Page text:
GKOS KEYBOARD PDF

A keyset or chorded keyboard also called a chorded keyset, chord keyboard or chording keyboard is a computer input device that allows the user to enter characters or commands formed by pressing several keys together, like playing a " chord " on a piano. The large number of combinations available from a small number of keys allows text or commands to be entered with one hand, leaving the other hand free. A secondary advantage is that it can be built into a device such as a pocket-sized computer or a bicycle handlebar that is too small to contain a normal-sized keyboard. A chorded keyboard minus the board, typically designed to be used while held in the hand, is called a keyer. Douglas Engelbart introduced the chorded keyset as a computer interface in at what is often called " The Mother of All Demos ". Each key is mapped to a number and then can be mapped to a corresponding letter or command.

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A no-compromise, mechanical switch, 6-button chording keyboard, placed on the rear side of a tablet or a mobile phone. Not a member? You should Sign Up. Already have an account? Log In. To make the experience fit your profile, pick a username and tell us what interests you. We found and based on your interests. Choose more interests. The desired functionality, however, is to be able to write reasonably long and complex texts, such as technical notes from meetings.

I have seen a number of implementations, such as this. The major problem is that Android relies heavily on finger gestures, and the mouse is not exceptionally useful; yet another is that both hands are occupied. Finally, one-handed chorders are good for typing, but I personally find them difficult for navigation of course, your thumb may do arrows, but The current choice is to integrate.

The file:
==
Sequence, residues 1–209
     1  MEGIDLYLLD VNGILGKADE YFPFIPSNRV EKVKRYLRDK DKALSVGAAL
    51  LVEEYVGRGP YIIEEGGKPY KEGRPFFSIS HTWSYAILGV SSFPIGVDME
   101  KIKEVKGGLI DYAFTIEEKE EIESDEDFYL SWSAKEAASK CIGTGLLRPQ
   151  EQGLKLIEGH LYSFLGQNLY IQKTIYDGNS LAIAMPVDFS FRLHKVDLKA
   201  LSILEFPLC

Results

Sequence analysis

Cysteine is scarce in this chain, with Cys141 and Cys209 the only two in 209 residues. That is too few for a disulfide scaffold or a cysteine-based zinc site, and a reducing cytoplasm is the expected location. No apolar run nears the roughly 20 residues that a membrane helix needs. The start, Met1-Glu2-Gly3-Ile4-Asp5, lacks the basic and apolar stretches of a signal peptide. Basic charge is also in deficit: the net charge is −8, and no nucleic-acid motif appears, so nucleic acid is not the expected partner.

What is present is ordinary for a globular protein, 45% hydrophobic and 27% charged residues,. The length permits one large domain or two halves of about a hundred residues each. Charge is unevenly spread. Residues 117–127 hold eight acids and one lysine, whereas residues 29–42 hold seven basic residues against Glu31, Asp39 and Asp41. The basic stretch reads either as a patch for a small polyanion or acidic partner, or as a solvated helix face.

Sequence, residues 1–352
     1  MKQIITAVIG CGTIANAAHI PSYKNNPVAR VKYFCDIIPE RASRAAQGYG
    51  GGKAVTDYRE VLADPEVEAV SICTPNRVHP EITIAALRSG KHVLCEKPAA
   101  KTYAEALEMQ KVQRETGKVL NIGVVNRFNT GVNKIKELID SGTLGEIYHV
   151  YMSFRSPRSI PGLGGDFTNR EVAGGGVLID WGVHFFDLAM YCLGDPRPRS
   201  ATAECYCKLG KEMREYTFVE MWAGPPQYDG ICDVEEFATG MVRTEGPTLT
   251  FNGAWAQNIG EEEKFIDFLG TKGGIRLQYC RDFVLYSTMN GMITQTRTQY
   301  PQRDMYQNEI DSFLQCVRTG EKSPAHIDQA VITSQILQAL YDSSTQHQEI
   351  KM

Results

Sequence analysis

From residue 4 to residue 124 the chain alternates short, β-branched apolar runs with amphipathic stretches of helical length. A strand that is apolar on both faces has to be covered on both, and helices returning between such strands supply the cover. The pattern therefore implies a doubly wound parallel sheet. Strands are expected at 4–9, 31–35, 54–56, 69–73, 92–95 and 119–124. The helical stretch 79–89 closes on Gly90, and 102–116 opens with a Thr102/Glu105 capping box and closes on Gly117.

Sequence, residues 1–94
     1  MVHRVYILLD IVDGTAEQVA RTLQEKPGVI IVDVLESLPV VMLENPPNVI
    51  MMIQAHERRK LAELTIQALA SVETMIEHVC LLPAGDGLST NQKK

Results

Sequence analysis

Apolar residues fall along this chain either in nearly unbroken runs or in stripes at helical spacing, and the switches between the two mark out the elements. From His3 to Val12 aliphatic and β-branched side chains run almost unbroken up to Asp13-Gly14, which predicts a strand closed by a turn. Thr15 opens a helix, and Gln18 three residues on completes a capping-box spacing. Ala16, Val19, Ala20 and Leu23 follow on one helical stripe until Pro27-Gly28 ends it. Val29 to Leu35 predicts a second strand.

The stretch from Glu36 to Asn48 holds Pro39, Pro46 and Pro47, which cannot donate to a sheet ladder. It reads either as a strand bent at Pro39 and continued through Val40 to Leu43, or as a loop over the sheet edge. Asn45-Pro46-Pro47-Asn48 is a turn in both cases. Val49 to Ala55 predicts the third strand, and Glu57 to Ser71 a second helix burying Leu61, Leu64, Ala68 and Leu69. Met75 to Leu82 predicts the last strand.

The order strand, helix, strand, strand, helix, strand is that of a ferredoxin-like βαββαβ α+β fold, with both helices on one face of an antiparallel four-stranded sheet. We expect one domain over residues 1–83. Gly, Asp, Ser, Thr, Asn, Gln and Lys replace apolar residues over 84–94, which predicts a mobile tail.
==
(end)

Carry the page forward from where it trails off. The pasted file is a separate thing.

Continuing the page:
Currently I am undecided. On one hand, Arduino uses mA of power -- the phone screen consumes way more. On the other hand, since the phone has an extra compartment on the back, why not to add a battery?

Hey, the keyboard may even charge the phone! Something to be evaluated in the prototypes. If the former, a separate keyboard battery is a must, and both devices will drain the juice slightly faster. Let it be wired for now. The plan is to source several different types and evaluate. Standard Tesselated Geometry - View all 8 components.

The buttons have inverted force profile: the initial force is 35 gram, then decreases down to 11 gf hold force. The full key travel is 2. Buttons work with a pleasant metal click; at this point no intention to make it quiet let people admire a mechanical keyboard on the smartphone! The keyboard top now looks like this:. My PCBs from Allpcb. The pin is pulled up by 10K resistor. To test a certain button, Arduino momentarily pulls up the control wire of corresponding LED, waits for 1 ms, then reads voltage on the pin If the switch is "not closed" that is no chopper between the LED and the photo-transistor pin 15 will be low.

If the switch is "closed", wire will be high. After switching the LED off, Arduiono further waits 1 ms, so the photo-transistor can lock completely, after that, the next button is tested, and so on.

I fixed this by soldering the 5V wire to the board and cutting the trace to Arduino pin. The second prototype requires only one-sided board. Tracing is done in KiCAD. Based on the evaluation from of the first prototype, the 12 mm dome switches have been scrapped. The second prototype is based around the 6x6 dome switches, which are much lighter than the 12x12 -- only between 15 and 18 gram force is required for closure.